Many people I know can’t take their eyes off their phones and can’t function or focus without their phone in their hand because they are worried that they have lost or might lose their phone.
When I was on a church retreat up north with no reception, my friend brought her phone everywhere we went instead of enjoying the beautiful scenery that we only get to see for two and a half days. She would check her phone every few minutes like a notification is going to magically appear. She was very excited to discover that one of the games on her phone still worked even though she didn’t have reception.
She spent the rest of the day sitting on the couch in the loft not talking to anyone but one of her best friends. The next day she was in the loft again on her phone. After a twenty-minute conversation, with a leader, she realized she lost her phone. As the day came to an end she had just about everyone looking for her phone claiming she would give them 5 dollars if they found it.
All of that day I kept telling her it was probably in the couch she was sitting on but she kept getting mad and saying she already looked there. In my mind, I knew that was the only place it could be.
She proceeded to say, “Someone just please find my phone” and blamed someone she disliked for taking it but she had no reason for the blame. I got so annoyed that I couldn’t handle myself. I went up to the loft and the couch she has been sitting on the past two days and I dug my hands into the very old and disgusting couch. There it was: her phone.
As much as I wanted to not tell her I found it, I marched downstairs, handed her the phone, and said, “Here it was – right where I told you it was – in the couch you were sitting on” in a not-so-happy voice. She got so happy but all she did was turn on her phone and again see if those magic notifications popped up. I just walked away so I didn’t say something rude.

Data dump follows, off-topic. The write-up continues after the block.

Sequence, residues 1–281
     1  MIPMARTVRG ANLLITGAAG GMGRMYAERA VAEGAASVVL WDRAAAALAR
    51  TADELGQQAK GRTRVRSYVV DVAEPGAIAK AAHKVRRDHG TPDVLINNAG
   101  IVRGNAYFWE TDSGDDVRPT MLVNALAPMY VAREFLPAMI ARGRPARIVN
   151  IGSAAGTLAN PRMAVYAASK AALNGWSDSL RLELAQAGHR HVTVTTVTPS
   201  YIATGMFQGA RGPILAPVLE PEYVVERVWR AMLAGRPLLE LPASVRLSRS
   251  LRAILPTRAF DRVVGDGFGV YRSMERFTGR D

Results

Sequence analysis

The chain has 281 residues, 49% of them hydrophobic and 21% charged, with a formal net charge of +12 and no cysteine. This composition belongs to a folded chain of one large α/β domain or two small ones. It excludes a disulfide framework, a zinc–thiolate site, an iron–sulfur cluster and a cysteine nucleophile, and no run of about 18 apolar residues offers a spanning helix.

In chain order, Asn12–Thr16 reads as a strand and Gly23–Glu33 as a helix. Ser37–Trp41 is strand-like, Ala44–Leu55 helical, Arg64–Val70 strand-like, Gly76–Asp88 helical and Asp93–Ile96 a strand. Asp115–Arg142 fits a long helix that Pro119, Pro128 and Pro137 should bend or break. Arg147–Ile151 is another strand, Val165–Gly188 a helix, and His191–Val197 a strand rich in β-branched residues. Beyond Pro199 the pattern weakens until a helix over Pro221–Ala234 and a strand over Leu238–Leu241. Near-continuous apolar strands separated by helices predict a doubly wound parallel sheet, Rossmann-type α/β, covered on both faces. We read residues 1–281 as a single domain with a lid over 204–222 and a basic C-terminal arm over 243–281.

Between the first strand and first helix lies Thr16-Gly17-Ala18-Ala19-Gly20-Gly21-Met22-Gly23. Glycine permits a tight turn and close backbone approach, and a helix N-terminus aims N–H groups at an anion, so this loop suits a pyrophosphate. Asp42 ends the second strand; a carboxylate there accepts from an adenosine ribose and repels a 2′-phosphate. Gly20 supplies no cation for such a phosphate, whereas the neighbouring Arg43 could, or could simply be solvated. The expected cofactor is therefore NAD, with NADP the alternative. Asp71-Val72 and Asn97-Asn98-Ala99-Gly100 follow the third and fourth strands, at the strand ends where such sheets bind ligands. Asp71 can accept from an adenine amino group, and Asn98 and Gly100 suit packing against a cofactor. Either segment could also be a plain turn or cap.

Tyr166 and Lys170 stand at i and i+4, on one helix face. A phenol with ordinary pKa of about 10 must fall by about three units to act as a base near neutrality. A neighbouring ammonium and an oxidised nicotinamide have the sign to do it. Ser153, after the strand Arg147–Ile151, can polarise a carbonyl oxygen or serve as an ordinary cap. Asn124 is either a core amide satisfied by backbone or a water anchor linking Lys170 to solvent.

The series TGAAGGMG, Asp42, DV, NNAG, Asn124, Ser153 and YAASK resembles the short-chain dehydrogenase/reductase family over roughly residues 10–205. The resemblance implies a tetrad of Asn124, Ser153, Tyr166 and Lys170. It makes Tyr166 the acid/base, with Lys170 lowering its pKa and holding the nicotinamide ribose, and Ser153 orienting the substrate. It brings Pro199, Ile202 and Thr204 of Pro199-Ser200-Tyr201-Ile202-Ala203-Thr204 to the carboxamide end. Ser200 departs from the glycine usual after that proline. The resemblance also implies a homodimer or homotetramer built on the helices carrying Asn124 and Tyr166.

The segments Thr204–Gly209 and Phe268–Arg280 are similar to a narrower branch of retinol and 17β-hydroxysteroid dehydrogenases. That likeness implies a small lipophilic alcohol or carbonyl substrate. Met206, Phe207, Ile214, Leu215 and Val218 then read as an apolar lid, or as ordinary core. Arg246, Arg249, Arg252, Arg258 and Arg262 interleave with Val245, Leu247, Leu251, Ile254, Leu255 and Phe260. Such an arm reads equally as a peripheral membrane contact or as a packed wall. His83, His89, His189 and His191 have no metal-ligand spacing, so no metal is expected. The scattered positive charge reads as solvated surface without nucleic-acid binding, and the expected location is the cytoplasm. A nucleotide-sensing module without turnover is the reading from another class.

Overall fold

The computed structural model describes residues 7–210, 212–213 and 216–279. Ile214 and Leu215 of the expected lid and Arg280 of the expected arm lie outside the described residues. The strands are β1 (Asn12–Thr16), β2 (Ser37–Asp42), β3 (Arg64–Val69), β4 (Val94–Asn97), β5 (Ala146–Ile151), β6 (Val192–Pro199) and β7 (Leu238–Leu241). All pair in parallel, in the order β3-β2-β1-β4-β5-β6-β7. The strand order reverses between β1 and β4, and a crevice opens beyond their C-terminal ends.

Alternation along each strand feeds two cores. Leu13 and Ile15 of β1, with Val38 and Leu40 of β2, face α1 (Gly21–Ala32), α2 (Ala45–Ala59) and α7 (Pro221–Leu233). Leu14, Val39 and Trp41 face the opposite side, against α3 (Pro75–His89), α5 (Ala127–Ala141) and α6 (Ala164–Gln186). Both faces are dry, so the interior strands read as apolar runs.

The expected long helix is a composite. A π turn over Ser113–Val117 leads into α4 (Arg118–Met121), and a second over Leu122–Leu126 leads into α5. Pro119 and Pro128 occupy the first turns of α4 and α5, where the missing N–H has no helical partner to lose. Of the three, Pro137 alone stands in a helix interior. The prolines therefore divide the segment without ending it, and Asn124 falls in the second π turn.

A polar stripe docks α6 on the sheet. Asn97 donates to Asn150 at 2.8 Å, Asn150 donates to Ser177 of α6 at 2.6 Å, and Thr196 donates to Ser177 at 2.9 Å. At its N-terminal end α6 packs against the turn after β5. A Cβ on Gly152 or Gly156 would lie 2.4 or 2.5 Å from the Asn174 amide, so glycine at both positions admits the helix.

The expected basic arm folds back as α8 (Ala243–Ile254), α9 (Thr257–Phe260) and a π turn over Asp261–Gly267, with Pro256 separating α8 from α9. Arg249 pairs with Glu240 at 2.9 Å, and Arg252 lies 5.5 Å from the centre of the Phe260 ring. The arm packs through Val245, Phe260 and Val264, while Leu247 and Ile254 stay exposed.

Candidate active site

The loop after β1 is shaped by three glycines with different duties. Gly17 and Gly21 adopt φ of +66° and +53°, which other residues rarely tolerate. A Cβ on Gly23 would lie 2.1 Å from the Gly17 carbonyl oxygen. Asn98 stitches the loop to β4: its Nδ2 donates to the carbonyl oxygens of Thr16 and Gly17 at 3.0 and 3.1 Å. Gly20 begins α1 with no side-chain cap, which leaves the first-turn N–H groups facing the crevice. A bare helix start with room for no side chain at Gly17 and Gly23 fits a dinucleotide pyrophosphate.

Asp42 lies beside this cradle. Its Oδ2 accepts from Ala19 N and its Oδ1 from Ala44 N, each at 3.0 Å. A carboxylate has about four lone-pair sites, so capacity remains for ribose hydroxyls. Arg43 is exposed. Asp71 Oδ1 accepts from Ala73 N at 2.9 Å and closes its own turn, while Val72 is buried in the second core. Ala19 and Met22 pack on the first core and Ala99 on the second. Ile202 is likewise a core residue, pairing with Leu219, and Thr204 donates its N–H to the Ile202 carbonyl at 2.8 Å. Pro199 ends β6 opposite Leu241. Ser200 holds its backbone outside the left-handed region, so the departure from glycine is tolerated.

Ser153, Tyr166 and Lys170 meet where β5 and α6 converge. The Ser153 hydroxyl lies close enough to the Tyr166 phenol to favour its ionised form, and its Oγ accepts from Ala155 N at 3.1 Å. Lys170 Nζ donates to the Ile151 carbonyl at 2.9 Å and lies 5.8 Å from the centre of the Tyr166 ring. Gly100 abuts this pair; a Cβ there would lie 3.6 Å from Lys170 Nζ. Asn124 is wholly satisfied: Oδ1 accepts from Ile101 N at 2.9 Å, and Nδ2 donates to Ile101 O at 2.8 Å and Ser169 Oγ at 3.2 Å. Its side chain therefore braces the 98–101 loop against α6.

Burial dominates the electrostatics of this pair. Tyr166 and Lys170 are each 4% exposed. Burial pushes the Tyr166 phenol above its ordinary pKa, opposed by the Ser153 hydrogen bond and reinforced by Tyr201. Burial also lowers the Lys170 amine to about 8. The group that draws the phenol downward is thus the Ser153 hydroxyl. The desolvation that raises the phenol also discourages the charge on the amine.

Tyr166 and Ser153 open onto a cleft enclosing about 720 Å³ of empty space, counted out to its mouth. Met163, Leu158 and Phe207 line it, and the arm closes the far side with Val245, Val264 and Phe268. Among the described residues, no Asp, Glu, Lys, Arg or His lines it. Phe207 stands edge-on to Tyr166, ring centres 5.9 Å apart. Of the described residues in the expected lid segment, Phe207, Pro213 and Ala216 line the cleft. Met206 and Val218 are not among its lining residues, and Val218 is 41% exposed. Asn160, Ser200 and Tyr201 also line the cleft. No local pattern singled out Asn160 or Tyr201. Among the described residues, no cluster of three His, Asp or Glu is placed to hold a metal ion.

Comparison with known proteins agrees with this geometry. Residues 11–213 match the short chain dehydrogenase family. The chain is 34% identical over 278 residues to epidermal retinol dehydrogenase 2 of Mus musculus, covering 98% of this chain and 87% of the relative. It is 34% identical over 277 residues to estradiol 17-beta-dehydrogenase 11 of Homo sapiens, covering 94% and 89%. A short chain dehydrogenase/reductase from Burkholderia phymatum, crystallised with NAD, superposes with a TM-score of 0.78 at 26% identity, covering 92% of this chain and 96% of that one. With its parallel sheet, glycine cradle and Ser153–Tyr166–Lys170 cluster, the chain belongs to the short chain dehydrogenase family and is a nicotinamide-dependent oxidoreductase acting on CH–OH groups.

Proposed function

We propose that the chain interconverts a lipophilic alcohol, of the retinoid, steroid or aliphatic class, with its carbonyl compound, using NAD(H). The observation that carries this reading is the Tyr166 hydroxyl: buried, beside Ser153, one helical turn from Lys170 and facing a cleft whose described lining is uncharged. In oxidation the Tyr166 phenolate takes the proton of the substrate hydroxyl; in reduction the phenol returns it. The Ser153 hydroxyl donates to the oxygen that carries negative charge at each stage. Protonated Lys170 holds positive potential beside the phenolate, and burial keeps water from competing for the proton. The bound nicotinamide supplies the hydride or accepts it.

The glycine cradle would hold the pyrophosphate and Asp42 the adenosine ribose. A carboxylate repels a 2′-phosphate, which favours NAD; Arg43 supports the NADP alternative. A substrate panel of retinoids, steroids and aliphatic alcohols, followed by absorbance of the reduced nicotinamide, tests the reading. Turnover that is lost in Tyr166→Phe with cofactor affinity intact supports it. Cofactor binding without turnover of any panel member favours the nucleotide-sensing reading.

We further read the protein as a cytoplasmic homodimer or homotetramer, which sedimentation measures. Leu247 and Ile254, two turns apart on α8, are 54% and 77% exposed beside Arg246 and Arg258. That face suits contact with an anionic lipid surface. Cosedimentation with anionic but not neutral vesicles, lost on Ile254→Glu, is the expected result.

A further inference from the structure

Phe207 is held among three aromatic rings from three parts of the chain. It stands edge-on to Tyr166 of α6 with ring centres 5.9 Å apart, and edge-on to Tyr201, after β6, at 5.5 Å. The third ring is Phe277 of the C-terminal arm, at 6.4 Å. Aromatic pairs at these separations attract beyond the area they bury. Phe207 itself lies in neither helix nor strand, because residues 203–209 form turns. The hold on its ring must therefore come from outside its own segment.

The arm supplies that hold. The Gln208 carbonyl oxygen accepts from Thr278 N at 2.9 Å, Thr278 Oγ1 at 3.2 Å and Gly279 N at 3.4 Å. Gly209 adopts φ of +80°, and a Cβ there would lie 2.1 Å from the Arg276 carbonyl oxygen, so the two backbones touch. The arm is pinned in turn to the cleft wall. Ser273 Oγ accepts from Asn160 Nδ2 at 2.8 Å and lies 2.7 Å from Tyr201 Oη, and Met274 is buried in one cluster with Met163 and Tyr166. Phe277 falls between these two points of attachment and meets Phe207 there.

Is this seriously how we live these days? Addicted to our phones and do anything to have our phones even if we don’t need them.
Some people believe that technology and Social Media are making our lives better and making us more connected to people, but people are actually getting more and more disconnected from others and reality.
With all these never-ending social media sites, there is always something that you can do and it will just keep loading new content so you have the urge to go back on your phone to scroll for more addicting content. We end up spending more time on social media than with the people around us.
Social media only shows the good parts about people’s lives and it allows you to edit, crop, and morph just about anything you want and it allows you to cut out everything you don’t like or don’t want people to know about yourself. So everyone reading and looking at your social media is getting to know someone that isn’t really you.
An article titled “Filter vs Reality” by Sakshi Udavant talks about how we compare our real life to edited photos. The article also states that “Filtered and photoshopped pictures set an unrealistic standard of what ‘attractive’ looks like.” People doing all that work to look pretty only succeed in making themselves uglier in real life by comparison.
That the average teenage girl spends 50-60% of their waking time online. So around 50% of a teenage girl’s time awake consists of looking at pictures and videos of people who spend time editing and contorting their bodies to make them look like whatever they want to look like. telling them that, it is the so-called “best way to look and live.” This is wrecking their self-esteem and making them insecure about their own self.
According to a study from The Prince’s Trust, two years after the start of the pandemic, 30% of young people say they don’t know how to make friends and have never felt more alone.
People are forgetting how to have a conversation, myself included. I have found it hard to talk face to face with people I don’t know very well. It’s something I wish to be good at but our society tells us to hide behind phones and plan out everything we say before posting, tweeting, texting, etc.
At family gatherings, family members will all be sitting around on their phones not even acknowledging the fact that they are together even though some of them haven’t seen each other in years.
When we talk face to face you get to know more than just what they’re talking about. You get to know their personality and who they are as a person and not just who they are behind a screen.
People want to know the real you. Not the contorted and filtered you. Not the person you are online. People want to know the in-person living body that is you.